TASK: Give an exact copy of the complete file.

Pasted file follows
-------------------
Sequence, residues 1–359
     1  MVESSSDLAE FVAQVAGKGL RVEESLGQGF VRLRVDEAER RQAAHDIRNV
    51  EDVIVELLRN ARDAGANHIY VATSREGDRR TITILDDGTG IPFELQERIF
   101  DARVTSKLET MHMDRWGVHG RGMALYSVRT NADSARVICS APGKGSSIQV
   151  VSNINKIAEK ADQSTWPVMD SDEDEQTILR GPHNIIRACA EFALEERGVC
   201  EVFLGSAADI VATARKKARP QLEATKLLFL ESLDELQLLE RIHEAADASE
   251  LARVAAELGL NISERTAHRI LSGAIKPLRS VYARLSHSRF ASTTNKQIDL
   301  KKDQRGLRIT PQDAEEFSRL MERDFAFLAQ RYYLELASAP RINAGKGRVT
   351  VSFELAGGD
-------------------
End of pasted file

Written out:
Sequence, residues 1–359
     1  MVESSSDLAE FVAQVAGKGL RVEESLGQGF VRLRVDEAER RQAAHDIRNV
    51  EDVIVELLRN ARDAGANHIY VATSREGDRR TITILDDGTG IPFELQERIF
   101  DARVTSKLET MHMDRWGVHG RGMALYSVRT NADSARVICS APGKGSSIQV
   151  VSNINKIAEK ADQSTWPVMD SDEDEQTILR GPHNIIRACA EFALEERGVC
   201  EVFLGSAADI VATARKKARP QLEATKLLFL ESLDELQLLE RIHEAADASE
   251  LARVAAELGL NISERTAHRI LSGAIKPLRS VYARLSHSRF ASTTNKQIDL
   301  KKDQRGLRIT PQDAEEFSRL MERDFAFLAQ RYYLELASAP RINAGKGRVT
   351  VSFELAGGD